Kishore elaborated: “The share of domestic air traffic is significantly high compared to the other markets and typically more resilient. Also, in Asia, the other modes of transport are less competitive from both the time and cost perspective, unlike Europe where rail and road are very close competitors”.

“Airports are back with their capex spend. They are all expending, issuing bonds.”

Meanwhile, ports and toll roads are other asset classes that continue to command investors’ attention.

According to Kishore, toll roads are “important resilient assets on the checklist of investors,” while ports, which remained strong during the pandemic, have benefited from shipment of goods and continue to thrive.

In Vietnam, the development of toll roads has facilitated port transactions. “Within the region, the low containerisation in all countries other than China will also benefit growth in the port sector,” he underlined. “However, the port sector does face long-term challenges of rising geo-political tensions and its impact on trade routes.”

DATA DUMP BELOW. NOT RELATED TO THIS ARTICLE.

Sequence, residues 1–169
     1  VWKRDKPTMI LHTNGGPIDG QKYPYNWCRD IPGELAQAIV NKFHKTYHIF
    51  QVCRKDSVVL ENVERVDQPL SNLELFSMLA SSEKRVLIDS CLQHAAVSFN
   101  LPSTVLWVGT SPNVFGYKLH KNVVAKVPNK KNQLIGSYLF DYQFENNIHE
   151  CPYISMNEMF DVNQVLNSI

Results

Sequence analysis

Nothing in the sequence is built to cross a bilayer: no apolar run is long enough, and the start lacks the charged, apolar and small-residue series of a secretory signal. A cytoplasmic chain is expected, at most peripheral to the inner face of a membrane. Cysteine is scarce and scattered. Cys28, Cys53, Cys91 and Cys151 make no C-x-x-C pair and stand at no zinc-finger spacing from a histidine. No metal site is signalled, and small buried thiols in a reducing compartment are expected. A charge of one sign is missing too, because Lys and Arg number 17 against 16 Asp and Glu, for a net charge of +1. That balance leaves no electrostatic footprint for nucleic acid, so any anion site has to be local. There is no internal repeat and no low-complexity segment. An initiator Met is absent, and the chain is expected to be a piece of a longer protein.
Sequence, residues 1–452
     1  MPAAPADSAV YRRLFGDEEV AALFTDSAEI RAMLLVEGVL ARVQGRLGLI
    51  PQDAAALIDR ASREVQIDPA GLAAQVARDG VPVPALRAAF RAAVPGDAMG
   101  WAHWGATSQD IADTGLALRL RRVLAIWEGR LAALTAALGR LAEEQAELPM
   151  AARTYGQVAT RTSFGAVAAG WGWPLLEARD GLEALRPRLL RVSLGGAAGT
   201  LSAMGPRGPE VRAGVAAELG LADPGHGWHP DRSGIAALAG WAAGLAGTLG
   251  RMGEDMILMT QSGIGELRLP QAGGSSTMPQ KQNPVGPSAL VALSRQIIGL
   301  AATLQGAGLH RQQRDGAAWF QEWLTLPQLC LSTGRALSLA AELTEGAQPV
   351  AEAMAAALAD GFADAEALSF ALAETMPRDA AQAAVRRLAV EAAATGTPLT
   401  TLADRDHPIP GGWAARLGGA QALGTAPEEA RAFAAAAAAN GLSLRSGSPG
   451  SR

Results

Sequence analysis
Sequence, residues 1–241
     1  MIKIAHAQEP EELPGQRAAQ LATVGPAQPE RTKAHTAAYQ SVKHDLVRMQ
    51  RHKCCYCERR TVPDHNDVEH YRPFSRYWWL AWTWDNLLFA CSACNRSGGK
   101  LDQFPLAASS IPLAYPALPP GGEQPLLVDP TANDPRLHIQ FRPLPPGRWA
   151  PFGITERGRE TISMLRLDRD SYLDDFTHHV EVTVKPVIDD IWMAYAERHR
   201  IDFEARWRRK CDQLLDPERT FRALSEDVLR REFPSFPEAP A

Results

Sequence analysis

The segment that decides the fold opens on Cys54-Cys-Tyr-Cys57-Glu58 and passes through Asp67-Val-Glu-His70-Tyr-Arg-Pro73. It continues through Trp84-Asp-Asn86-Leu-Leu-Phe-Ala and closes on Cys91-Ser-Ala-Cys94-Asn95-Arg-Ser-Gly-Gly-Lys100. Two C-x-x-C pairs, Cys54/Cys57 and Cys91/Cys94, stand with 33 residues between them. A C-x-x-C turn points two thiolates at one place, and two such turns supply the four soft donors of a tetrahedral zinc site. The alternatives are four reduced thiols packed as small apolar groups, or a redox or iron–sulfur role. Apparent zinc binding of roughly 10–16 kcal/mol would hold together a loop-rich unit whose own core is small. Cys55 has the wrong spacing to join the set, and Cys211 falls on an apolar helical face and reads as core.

Digital infrastructure, especially broadband, already growing before COVID-19, has received a further boost post-pandemic due to remote work.

“Tower assets, fibre assets, and data centres have all gained prominence from an infrastructure financing point of view,” said Kishore.

As China, India, Indonesia, and Vietnam are among the economies that continue to drive growth in the region, there is a huge investment gap in sustainable and resilient infrastructure, which domestic financing is well placed to fulfil.

Infrastructure financing in APAC is in a “sweet spot both from the demand and supply perspective,” concluded Kishore.

(Reporting by SA Kader; Editing by Anoop Menon)